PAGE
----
My recent risk-reducing oophorectomy amazed me, and not just because of the impossibly small scars. Compelled to understand why, I reflected on the differences from my earlier cancer surgeries. New insights led to new affirmations, some of which might be useful to clinicians caring for patients with a deleterious gene who choose surgery.
The first thing that surprised me, the observation that first got me thinking, was everyone's focus on my post-op physical comfort. As if experiencing surgery for the first time, I marveled at all the tender kindness for my predictable post-op pains. The nurses stayed on top of every twinge throughout my brief hospitalization, responding with a blend of medications, reassurance, and deftly placed pillows.
After I got home, my husband gingerly assisted me to the bathroom every couple of hours, letting me direct our every move.
While I'm sure I received the same attentive care after my decompression adenectomy decades ago, none of it registered because the activities in my head, if not around my bed, were dominated by the cancer diagnosis. Pedestrian concerns such as getting to the bathroom were snuffed out by concerns about dying. Morphine, shock, and fear created a sensory fog pierced only by existential pain.
An imperfect metaphor of a car wreck comes to mind. If an ambulance whisked me away, nobody would be talking or caring about my car on the tow truck. If I walked away unharmed, we'd be focused on fenders and axles. With my risk-reducing surgery, it has been all about the car.
The differences of risk-reducing surgery began months earlier. I called to schedule a consult with the surgeon, as opposed to my doctors calling a surgeon to the ER to see me. My choosing a convenient day and time for me stirred my sense of being in the driver's seat, a feeling reinforced a few weeks after the consult when, with my physicians' blessing, I pushed the surgery date back a few more months simply because I wanted to attend a family event.
That said, I had an unfamiliar worry, one I hadn't had when medical urgency pushed me to the OR. Perusing my calendar for a convenient date to remove healthy organs felt a bit surreal, with an occasional flash of anxiety about being responsible for choosing surgery, with its risks. I say "flash" because it resolved with the simple reminder that I was choosing to decrease my risk of cancer for the rest of my life.
"For the rest of my life" became my operative phrase. While arranging care for my elderly mother and preparing dinners for my freezer, it was never lost on me that my doctors had recommended this surgery with the expectation of my living long enough for the risk to matter. The idea of a long life made the expected post-op downtime sound short—and worth it. As for the pain and inconveniences of the surgery, they seemed far more manageable and more predictable than the pain and inconveniences of cancer treatments.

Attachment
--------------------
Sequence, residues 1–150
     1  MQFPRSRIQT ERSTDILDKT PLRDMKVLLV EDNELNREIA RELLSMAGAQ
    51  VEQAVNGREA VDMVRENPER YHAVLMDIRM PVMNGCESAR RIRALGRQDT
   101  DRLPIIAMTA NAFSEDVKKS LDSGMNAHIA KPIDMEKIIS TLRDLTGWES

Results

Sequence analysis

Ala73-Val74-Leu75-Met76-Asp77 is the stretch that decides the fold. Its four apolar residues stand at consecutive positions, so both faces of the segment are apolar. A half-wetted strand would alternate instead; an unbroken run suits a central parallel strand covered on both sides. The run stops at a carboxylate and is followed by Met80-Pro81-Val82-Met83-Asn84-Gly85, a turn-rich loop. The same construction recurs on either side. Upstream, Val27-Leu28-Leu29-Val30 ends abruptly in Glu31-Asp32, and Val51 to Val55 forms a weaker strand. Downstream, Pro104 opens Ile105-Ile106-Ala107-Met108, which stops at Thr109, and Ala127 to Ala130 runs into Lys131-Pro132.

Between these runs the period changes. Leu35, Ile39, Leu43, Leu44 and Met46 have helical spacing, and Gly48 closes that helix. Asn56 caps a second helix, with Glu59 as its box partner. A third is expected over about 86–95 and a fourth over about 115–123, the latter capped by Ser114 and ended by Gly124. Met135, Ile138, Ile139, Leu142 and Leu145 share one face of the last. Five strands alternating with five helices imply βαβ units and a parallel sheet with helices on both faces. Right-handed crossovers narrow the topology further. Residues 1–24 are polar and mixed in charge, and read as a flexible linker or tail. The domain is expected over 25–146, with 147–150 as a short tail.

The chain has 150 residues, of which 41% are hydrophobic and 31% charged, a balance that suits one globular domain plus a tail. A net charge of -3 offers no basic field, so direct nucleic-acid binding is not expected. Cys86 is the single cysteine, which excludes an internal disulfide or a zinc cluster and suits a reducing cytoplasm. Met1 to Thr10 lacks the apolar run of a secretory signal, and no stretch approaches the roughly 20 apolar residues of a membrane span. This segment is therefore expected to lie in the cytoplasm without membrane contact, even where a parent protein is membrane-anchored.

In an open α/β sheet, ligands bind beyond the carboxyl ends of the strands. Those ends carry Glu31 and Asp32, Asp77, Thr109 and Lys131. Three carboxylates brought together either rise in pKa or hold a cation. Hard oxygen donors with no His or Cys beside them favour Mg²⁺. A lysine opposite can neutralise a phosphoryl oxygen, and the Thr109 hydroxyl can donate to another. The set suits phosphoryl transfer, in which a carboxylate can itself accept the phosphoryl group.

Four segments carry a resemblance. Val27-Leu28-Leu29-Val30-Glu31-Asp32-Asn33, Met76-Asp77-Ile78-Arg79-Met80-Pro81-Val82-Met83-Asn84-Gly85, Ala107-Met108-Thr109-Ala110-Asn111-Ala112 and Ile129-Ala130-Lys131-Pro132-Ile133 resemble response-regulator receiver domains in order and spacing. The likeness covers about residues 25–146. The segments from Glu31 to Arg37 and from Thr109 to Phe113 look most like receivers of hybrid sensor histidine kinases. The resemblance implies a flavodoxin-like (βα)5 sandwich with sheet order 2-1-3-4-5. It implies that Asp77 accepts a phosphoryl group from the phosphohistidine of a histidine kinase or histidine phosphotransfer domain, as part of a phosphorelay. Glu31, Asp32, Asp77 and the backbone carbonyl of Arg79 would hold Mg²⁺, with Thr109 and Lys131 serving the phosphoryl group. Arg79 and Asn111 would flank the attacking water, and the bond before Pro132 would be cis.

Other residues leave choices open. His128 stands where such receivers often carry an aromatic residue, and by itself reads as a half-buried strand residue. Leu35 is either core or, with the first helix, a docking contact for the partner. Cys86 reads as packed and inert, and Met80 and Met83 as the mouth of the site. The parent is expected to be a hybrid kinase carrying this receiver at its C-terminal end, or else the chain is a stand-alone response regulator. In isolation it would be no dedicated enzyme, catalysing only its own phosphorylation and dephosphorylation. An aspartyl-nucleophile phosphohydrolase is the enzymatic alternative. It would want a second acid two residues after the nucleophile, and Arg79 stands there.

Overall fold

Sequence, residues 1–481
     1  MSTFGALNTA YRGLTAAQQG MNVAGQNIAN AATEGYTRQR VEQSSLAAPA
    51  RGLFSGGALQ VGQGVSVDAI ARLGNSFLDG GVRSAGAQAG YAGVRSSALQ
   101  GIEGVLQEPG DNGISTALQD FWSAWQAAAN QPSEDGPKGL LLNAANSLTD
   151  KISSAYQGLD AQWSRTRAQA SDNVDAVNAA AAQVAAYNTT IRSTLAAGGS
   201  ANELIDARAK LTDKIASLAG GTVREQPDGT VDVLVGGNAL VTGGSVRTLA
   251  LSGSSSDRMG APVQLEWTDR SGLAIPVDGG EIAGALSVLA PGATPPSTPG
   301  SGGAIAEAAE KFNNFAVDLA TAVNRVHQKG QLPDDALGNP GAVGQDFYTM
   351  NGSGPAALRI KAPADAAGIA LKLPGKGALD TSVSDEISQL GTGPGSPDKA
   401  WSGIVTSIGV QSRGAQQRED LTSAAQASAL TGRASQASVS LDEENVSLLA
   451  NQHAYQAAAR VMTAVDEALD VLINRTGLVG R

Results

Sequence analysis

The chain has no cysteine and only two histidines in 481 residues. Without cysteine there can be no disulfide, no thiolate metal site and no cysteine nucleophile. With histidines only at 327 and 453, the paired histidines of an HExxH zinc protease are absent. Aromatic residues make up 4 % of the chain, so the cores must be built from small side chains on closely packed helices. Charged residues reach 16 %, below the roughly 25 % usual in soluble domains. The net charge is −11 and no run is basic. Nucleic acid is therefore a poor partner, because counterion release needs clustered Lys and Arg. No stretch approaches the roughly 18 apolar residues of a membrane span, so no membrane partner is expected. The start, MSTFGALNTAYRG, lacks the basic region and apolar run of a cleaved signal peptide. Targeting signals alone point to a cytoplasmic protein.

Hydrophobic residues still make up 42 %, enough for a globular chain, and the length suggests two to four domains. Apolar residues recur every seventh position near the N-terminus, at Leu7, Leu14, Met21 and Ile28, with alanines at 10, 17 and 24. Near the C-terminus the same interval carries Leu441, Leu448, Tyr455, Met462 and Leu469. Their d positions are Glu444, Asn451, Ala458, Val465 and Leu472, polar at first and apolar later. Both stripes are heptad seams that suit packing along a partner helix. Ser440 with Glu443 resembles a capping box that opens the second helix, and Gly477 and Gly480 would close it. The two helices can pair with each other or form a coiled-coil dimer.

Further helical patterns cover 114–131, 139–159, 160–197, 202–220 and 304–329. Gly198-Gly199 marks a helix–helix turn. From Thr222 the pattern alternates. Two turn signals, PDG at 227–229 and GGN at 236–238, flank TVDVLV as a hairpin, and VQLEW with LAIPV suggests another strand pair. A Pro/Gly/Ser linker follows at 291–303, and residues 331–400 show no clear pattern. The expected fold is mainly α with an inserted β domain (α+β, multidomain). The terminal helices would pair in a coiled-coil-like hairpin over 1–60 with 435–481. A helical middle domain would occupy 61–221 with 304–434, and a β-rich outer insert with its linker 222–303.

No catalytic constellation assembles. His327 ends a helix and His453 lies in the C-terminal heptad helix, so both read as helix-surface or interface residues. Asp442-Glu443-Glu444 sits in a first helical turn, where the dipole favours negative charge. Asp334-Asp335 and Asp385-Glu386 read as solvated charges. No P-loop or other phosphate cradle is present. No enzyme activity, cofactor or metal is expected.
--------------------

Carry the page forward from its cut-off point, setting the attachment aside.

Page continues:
That sense of predictability made signing the consent form a new experience, too. With my IV in place, I felt confident and ready to get the show on the road. How different from when worrisome adenopathy left me no reasonable choice other than to sign the consent form, my shaky signature reflecting the likelihood that the findings would make my whole life uncertain.
My first cancer surgery was merely a prelude to a journey laden with losses and defined by heightened uncertainty. Those losses made me terribly sad. My risk-reducing surgery has been a brief interlude defined by predictable post-op pain and a loss that is a gift for all my tomorrows.
Other patients undergoing the same procedure would never call their risk-reducing surgery "a brief interlude," especially if sudden menopause caused symptoms and/or an increased risk of future problems, or if they suffered a post-op complication. Certainly, patients whose risk-reducing intervention involves extensive, disfiguring, and/or multiple surgeries would not relate to "a brief interlude." That doesn't change the fact they pursued the best path for them.
Whatever the circumstances, patients who choose to undergo risk-reducing surgery are freely choosing to accept the risks, with hope of making their life the best it can be. Given that truth, you might see a time before or after their surgery to offer encouragement with one or more of the affirmations that helped me:
• This surgery was an option because your life expectancy is long.
• This surgery is preventing cancer—and not treating cancer.
• This surgery is elective. You thoughtfully chose the best option for you.
• Choosing surgery is choosing to decrease your risk of cancer for the rest of your life.
Less than a month after my surgery, I feel fine. Since the beginning of the second week the toughest part has been refraining from lifting my grandson, the baby I cradled last spring in the birthing room. That heavenly moment was made possible by superb cancer care. Risk-reducing surgery strengthens my hope of my seeing him learn to walk and talk and, before I know it, grow into a man.